I was greatly encouraged by the Business Advisory Council’s plea to the Prime Minister to get cracking with those twelve roading projects that her government slammed the brakes on.
This is not a choice between roads, rail and coastal shipping. We need all modes to be scaled up. But this council, chaired by Luxon, was set up by Jacinda Ardern, so here’s a great test of its worth and intent. Was it just window-dressing to placate the business community when she was under the pump this time last year? Is it just a talk shop, or did she intend it to be a serious player, producing policy advice to be acted upon?
It is a disgrace those roads of national significance, like Warkworth to Whangarei, and Christchurch to Ashburton, were dumped from the workplan. They need to be four laned.
Desperately. I travel on SH1 to Ashburton regularly. It’s an over-loaded death trap, swamped in trucks and far too many fatalities. How high does the body count have to rise? It’s despicable. Four lane it.
The NZTA should be allowed to raise debt to fast-track these projects.
Luxon’s council wants private investment and toll road regimes to expedite many of these projects. And when there is an alternative, albeit slower free route, that’s all good with me.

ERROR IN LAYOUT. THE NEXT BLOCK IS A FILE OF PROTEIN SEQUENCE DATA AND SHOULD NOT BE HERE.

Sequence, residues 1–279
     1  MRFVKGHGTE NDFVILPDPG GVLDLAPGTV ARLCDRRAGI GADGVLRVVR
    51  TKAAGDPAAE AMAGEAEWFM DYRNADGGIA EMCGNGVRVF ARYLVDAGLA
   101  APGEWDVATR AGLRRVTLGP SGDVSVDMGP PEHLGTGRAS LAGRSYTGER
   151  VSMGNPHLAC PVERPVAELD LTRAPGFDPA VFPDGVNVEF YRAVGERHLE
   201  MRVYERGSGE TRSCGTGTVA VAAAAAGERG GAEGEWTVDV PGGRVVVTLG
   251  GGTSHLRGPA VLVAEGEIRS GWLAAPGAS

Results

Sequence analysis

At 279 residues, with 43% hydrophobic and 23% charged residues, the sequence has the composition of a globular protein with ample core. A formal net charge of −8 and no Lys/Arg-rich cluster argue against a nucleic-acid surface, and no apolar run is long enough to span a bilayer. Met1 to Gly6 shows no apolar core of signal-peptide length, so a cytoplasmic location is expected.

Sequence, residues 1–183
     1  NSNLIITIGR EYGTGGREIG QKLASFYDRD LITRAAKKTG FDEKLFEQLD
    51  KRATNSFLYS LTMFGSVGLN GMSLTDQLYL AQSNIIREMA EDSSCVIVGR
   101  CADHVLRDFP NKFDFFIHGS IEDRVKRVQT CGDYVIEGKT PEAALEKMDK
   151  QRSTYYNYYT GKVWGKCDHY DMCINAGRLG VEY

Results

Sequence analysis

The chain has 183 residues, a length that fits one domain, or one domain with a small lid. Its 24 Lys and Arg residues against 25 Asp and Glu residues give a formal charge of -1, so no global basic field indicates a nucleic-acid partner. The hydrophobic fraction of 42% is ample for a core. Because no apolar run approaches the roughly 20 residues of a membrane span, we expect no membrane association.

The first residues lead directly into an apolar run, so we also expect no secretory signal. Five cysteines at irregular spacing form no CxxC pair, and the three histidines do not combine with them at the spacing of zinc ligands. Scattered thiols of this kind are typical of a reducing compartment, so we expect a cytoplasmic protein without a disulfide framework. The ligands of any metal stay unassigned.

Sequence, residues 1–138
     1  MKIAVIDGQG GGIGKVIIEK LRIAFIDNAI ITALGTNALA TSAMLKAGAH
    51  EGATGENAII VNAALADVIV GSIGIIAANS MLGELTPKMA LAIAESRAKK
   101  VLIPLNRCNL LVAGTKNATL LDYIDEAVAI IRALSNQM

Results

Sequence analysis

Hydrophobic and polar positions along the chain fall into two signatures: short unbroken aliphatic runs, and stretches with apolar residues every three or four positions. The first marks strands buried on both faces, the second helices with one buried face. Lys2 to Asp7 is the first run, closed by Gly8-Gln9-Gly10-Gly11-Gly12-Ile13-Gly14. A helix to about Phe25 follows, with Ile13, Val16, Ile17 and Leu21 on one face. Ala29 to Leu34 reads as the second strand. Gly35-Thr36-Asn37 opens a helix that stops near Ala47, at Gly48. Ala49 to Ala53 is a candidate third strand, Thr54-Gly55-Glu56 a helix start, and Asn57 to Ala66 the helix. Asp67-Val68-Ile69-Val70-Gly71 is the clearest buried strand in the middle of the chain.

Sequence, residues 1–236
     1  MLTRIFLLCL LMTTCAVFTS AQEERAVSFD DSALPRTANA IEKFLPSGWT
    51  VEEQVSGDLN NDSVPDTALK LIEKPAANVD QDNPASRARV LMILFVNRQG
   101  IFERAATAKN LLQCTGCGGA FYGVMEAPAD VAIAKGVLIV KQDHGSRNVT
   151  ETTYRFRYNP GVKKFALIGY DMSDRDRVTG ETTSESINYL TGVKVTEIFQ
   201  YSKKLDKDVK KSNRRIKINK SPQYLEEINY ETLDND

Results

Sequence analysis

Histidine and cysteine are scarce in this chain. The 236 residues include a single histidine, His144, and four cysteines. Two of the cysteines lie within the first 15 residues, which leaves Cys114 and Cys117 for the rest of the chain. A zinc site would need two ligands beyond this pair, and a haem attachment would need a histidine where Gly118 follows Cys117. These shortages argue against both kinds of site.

A case in point is the proposed Penlink Toll Road, across to the Whangaparoa Peninsula. Michael Barnett from the Auckland Business Chamber is hot on this, confirming there are companies happy to front-foot the cost of the four hundred million project. It would ease congestion by diverting fifty thousand vehicles a day, bypassing Silverdale.
The idea is its construction would be privately funded and operate as a toll road for twenty years, before reverting to the public realm at no charge.
Hasn’t this Penlink Toll Road been talked about for twenty years?
Idealogically, I see obstacles. The Ardern government would need to have a dramatic come to Jesus conversion over highway projects. Come on, Minister Twyford. Here’s your chance to redeem yourself. But listening to him with Heather last night, rigid ideology was still running rampant.